A TORY MP has derailed Boris Johnson’s bid to move on from his government’s sleaze scandal by blocking a bid to endorse the investigation into Owen Paterson and scrap the controversial standards reforms.

Veteran Conservative Christopher Chope shouted “object” in the Commons chamber when the motion to overturn the widely criticised attempt was put forward, meaning it could not be approved on Monday evening.

The motion aimed to rescind the so-called Leadsom amendment, which looked to establish a review of the MPs standards investigation process in a bid to delay former Cabinet minister Paterson’s suspension for breaking lobbying rules.

The UK Government has now moved to bring forward the motion again, with the matter listed on Tuesday’s Commons agenda.

The motion also sought to endorse the committee’s report which would have suspended Paterson from Parliament for 30 days if he had remained an MP.

He quit as the Conservative MP for North Shropshire following the botched attempt by the Government to delay his suspension.

Bryant warned that the Commons would “fall into further disrepute” if it does not bring forward the motion “as soon as possible with proper time allocated”.

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The SNP’s shadow Commons leader Pete Wishart, who was in the chamber at the time, said attempts to settle the matter swiftly on Monday night ended “in misery and failure”.

“That all went badly wrong when Christopher Chope piped up to object,” he told the PA news agency.

Wishart claimed there were metaphorical “daggers being flung backwards” at Chope by Government chief whip Mark Spencer.

For Labour, shadow Commons leader Thangam Debbonaire accused the Conservatives of failing to “clear up their own mess”.

The chaos came as every living former Cabinet secretary urged Johnson to strengthen standards rules for ministers to make it harder for any who try to cheat the system.

The five former civil service heads, including Lord Sedwill, who stepped down from the role last year, also called for the ministerial standards adviser to be given a statutory basis.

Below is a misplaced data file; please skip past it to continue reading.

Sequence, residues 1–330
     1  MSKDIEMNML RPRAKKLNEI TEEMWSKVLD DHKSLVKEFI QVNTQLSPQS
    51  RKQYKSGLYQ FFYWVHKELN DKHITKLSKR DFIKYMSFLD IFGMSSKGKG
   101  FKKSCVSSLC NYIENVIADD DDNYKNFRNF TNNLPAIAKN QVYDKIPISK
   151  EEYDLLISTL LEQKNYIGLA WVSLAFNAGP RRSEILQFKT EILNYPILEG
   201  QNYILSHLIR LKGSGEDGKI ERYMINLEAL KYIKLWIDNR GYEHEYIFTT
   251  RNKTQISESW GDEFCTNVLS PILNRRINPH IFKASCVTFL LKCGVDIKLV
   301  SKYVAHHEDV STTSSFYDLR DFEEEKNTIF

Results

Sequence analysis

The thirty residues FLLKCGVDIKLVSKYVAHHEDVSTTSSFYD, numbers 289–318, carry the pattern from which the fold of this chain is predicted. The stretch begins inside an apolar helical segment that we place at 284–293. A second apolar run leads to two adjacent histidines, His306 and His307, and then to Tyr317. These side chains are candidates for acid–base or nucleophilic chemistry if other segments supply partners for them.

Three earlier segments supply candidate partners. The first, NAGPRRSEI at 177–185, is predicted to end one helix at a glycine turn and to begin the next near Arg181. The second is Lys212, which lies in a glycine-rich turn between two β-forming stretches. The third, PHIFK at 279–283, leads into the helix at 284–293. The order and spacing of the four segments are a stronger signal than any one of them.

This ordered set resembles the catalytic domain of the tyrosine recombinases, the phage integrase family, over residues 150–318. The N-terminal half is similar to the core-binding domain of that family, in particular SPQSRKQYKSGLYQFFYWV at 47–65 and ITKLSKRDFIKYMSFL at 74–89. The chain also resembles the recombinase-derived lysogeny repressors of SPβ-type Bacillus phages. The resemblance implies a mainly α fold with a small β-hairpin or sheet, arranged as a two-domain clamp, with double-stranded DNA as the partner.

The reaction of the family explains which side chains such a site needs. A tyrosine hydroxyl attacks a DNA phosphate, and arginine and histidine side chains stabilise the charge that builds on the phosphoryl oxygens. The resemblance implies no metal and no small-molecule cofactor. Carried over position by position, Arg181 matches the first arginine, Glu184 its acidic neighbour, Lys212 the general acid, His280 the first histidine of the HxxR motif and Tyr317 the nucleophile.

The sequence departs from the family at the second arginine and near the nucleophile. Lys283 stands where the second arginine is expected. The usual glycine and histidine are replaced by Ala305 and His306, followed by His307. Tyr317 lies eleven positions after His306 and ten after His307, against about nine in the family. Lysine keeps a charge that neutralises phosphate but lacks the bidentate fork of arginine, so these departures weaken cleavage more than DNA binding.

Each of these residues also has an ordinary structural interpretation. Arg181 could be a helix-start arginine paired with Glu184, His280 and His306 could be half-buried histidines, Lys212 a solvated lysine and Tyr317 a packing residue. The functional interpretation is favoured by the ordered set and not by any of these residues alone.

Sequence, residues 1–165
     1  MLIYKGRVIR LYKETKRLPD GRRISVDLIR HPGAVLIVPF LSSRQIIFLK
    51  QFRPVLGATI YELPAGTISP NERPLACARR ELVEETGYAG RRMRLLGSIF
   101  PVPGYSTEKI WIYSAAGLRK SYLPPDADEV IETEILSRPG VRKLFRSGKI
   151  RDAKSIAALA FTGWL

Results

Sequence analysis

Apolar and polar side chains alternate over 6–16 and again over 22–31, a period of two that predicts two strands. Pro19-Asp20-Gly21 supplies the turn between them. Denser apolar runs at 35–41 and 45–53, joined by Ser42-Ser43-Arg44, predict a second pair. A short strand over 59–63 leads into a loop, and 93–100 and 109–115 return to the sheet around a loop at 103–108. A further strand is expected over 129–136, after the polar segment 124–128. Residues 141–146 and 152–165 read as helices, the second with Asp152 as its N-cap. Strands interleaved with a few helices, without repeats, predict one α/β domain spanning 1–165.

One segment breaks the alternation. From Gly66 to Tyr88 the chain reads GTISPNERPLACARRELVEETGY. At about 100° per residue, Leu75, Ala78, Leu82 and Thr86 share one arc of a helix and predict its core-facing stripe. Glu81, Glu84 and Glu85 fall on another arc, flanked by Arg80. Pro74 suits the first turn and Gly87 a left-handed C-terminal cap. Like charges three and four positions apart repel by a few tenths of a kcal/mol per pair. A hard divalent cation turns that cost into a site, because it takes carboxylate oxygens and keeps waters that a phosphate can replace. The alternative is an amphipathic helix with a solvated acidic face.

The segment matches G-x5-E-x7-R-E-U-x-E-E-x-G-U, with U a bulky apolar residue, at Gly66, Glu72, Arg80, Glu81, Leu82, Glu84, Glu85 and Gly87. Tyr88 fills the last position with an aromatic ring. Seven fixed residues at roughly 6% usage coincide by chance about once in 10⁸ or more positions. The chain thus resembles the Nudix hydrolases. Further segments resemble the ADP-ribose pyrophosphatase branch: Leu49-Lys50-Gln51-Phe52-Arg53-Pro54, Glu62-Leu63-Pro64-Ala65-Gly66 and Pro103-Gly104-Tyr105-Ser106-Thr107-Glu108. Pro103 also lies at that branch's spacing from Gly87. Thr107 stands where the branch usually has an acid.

In a letter to The Times, they said that the ministerial code must be “strictly enforced” and added: “People may find ways round whatever rules there are, and we should aim to frame regulations to make cheating them harder.”

Earlier in the day, Business Secretary Kwasi Kwarteng apologised to Parliamentary Commissioner for Standards Kathryn Stone after he publicly speculated about her future.

It was Stone’s investigation that found Paterson breached the Commons code of conduct by lobbying ministers and officials for two companies paying him more than £100,000 per year.

“I did not mean to express doubt about your ability to discharge your role and I apologise for any upset or distress my choice of words may have caused,” the minister wrote in a letter copied to Johnson’s adviser on ministers’ interests, Lord Geidt.

“I recognise that it is incumbent on ministers to adhere to the high standards of the ministerial code, including ensuring that our words are carefully chosen and that we treat others with consideration and respect.

“I therefore regret if the words I used on this occasion have given the impression of having fallen short of these high standards.”

Hours before the Prime Minister U-turned on the bid to prevent Paterson’s suspension, Kwarteng was asked on Sky News whether he thought Stone should resign.

“I think it’s difficult to see what the future of the commissioner is, given the fact that we’re reviewing the process, and we’re overturning and trying to reform this whole process, but it’s up to the commissioner to decide her position,” he replied.

Pushed on what he meant by “decide her position”, Kwarteng said: “It’s up to her to do that. I mean, it’s up to anyone where they’ve made a judgment and people have sought to change that, to consider their position, that’s a natural thing, but I’m not saying she should resign.”